, Volume 10, Issue 3, pp 99-102

Personhood: order and border of bioethics

Purchase on Springer.com

$39.95 / €34.95 / £29.95*

Rent the article at a discount

Rent now

* Final gross prices may vary according to local VAT.

Get Access

Abstract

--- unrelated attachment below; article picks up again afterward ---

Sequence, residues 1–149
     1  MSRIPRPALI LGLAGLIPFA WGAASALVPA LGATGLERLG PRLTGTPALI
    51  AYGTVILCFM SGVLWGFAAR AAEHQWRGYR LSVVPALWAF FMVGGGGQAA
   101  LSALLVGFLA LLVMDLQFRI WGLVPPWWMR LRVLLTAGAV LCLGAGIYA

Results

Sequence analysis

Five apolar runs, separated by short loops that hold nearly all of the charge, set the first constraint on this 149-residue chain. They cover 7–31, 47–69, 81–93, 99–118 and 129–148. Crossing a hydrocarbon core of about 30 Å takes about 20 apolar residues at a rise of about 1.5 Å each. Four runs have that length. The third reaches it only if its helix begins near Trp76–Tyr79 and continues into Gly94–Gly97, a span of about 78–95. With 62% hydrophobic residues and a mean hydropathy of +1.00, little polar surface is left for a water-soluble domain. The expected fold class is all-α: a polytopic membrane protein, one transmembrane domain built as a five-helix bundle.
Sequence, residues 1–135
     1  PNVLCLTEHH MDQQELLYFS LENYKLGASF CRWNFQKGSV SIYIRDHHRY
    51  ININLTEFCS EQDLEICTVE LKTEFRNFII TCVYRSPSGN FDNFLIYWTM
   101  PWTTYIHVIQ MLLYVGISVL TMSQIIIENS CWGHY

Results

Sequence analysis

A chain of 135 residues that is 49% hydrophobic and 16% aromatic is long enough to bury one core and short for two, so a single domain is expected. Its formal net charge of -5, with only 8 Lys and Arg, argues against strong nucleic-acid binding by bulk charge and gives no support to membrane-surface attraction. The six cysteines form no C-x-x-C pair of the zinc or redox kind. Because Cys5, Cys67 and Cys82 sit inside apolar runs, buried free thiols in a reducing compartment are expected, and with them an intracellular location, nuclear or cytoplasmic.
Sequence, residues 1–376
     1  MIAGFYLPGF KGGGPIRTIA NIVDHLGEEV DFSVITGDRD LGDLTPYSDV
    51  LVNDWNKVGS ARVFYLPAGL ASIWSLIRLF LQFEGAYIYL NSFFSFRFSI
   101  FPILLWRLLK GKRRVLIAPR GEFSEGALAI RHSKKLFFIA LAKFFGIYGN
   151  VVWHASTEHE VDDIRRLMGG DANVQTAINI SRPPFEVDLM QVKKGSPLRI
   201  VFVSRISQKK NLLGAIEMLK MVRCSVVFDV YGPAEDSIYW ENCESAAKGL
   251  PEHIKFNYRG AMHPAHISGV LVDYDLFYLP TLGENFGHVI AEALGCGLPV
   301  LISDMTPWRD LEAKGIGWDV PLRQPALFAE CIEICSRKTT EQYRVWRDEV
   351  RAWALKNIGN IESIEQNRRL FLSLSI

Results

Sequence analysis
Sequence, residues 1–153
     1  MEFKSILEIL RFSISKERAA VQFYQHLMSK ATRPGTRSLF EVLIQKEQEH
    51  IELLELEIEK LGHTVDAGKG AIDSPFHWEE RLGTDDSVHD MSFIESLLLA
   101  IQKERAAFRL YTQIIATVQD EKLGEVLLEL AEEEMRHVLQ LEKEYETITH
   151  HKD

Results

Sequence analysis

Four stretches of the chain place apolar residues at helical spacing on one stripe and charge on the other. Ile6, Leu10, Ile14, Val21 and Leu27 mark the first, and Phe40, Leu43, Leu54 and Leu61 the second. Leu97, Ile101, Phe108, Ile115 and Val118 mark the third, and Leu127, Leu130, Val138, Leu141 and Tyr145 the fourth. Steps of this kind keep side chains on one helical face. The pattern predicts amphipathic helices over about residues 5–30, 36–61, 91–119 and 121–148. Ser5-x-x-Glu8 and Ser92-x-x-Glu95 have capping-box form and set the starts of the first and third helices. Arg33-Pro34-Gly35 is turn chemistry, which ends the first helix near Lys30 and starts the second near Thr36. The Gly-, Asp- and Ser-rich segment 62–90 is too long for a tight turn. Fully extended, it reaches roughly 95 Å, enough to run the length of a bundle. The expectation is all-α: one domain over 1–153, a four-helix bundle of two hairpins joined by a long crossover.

Personhood is the focus of all ethical debates in biomedicine but there are two opposite approaches to the definition of personhood. In the reductionist perspective, the moral status of the person is attributed to the subject capable of a moral life or a “valuable life”; in the personalistic approach, all human beings are considered persons from the beginning of life to the time of natural death, which is all human beings are persons in ontological sense. Based on these premises, the article examines the application of bioethics of the person in practical medical dilemmas at the beginning and at the end of life. Starting from the main point that physical life is not something extrinsic to the person, rather it is the fundamental value of the person, the author concludes that there is a moral obligation to defend and promote the life and the health of all human beings in proportion to their needs.